Nunavut, Canada

Landscape of Nunavut, Canada. Photo credit: Christopher Howey

Dec 11, 2017 • Mark Carroll is a remote sensing scientist with SSAI working at NASA’s Goddard Space Flight Center. This evening at #AGU17, Carroll is giving a talk on his work mapping surface water changes in Canada. Here’s what he shared with us:

Presentation Title
Differentiating surface water change from seasonal and inter-annual variability in North Western Canada using multi-decadal time series of data

What are the major findings of this research?
High density of Landsat observations in northern Canada enable the generation of a nominal annual surface water extent. Given the highly variable nature of surface water extent in the region we demonstrate the need for using the full time series to distinguish actual trend of change from natural inter-annual variability.

What are the implications of your findings?
Using high performance computing and the full Landsat record it is now possible to generate continent-wide surface water extent on an annual basis. This provides a consistent data record from which metrics of change can be derived. Surface water change in the Arctic is linked to carbon flux with wetting and drying of soils and to energy flux through changes in surface albedo, as well as latent and sensible heat flux.

What insight did you gain from Landsat that would have been difficult to ascertain otherwise?
Water bodies in the Arctic tundra tend to be small (< 1 hectare) which is too small to detect reliably with other instruments such as MODIS or VIIRS which have more frequent repeat coverage. The 30 m spatial resolution of Landsat is ideal for quantifying the water bodies but temporal density of measurements is usually a problem given Landsat's 16-day repeat cycle. In the northern latitudes this is overcome by the high degree of overlap in the Landsat swaths at high latitudes.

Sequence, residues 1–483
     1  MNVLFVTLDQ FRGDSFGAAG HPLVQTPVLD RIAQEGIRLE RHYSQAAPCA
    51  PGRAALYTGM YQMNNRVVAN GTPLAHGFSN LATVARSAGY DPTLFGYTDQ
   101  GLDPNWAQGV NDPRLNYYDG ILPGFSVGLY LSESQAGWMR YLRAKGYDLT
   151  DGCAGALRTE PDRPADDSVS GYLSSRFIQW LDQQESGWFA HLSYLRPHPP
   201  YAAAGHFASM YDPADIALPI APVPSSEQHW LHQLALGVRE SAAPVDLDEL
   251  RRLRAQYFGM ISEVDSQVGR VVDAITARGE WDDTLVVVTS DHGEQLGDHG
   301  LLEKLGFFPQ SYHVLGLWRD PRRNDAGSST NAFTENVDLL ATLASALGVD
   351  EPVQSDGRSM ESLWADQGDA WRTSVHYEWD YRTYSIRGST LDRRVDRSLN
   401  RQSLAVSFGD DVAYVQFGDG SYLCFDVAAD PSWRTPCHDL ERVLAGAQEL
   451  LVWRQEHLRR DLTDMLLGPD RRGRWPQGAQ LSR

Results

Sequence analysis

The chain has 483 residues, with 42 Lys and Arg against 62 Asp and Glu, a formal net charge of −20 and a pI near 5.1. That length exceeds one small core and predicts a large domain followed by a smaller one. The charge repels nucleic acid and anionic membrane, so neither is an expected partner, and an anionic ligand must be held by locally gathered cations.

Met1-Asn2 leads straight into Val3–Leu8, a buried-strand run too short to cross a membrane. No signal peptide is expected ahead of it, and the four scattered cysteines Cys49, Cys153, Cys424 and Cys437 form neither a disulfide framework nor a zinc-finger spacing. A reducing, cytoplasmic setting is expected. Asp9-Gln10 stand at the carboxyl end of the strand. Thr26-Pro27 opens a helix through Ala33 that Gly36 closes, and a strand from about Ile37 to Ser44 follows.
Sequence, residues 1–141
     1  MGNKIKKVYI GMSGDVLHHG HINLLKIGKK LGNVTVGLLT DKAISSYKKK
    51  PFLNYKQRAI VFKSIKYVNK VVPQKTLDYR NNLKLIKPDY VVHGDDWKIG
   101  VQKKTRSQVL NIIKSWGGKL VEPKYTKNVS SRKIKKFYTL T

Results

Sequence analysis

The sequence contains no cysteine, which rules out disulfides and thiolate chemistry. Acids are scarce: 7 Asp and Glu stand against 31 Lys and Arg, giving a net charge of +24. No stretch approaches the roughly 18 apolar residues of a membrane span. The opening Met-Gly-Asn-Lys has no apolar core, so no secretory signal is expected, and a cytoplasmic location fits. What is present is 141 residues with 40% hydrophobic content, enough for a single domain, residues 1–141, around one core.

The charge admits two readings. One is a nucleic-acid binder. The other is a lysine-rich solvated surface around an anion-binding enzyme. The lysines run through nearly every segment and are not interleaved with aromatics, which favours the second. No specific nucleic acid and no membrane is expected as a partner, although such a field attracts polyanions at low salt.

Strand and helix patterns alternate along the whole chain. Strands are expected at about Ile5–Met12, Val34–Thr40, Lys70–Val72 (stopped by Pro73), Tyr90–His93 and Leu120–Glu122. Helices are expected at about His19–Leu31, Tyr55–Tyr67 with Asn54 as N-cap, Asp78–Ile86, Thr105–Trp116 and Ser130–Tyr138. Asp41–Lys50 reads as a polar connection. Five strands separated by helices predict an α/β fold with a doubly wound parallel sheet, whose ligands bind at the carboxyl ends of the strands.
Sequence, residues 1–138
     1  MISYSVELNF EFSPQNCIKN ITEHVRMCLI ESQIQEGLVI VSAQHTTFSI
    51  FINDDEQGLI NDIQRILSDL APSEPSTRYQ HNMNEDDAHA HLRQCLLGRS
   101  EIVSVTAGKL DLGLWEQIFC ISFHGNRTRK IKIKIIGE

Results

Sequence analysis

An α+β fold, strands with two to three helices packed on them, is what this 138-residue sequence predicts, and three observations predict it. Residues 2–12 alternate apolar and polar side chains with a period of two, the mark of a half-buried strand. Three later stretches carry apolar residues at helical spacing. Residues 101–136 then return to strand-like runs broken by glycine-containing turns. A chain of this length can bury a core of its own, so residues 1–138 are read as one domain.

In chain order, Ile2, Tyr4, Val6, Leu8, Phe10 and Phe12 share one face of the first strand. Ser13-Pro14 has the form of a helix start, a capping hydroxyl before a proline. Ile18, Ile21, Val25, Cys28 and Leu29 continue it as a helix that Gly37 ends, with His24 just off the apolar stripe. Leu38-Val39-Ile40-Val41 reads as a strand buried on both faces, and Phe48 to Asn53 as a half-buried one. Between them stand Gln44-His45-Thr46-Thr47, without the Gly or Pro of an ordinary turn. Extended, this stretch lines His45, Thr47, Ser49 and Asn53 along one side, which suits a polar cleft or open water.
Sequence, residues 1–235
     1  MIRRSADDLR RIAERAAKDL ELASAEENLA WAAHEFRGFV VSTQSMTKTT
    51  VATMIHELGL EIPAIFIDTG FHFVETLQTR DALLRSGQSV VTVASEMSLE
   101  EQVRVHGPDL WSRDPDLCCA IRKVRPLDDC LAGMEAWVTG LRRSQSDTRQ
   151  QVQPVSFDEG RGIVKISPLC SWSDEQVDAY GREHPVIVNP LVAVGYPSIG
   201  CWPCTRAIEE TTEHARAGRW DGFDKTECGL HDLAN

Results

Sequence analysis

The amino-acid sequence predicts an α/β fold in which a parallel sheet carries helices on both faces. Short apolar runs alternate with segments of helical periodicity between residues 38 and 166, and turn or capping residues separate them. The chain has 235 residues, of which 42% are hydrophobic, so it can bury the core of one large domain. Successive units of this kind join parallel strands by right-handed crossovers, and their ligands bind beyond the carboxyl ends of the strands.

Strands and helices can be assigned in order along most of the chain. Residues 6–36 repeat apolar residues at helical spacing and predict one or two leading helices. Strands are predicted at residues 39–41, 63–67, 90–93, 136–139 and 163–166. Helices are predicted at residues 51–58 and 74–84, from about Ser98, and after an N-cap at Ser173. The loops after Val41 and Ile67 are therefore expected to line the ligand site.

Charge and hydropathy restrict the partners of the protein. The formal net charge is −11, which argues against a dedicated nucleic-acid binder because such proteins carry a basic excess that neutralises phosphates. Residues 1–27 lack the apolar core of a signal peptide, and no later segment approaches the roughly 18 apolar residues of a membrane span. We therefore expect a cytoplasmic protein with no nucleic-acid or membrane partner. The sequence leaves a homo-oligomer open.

Why are some tundra water bodies increasing in size while others are decreasing?
This is an open question that we are currently still exploring. The difficulty is finding additional information to relate the surface water change to—there are only four weather stations in or near my study region and those don’t all have complete data records. Ongoing work is being performed to relate surface water change to potential ecological drivers. This work is expected to be published in early 2018.

water bodies and size trends in Canada Spatial distribution of water bodies with a significant (p < 0.05) trend in surface water area (ha/year) over the 31-year time period of the study. Water bodies that are increasing in size are shown in green while the ones that are decreasing in size are shown in red. Image credit: Carroll and Loboda, 2017[/caption] Co-authors:

Mark Carroll
NASA Goddard Space Flight Center

Tatiana V Loboda
University of Maryland

 
This work was funded, in part, by NASA programs including Terrestrial Ecology and MEaSURES.

 
 
Anyone can freely download Landsat data from the USGS EarthExplorer or LandsatLook.

Further Reading:
+ Landsat at #AGU17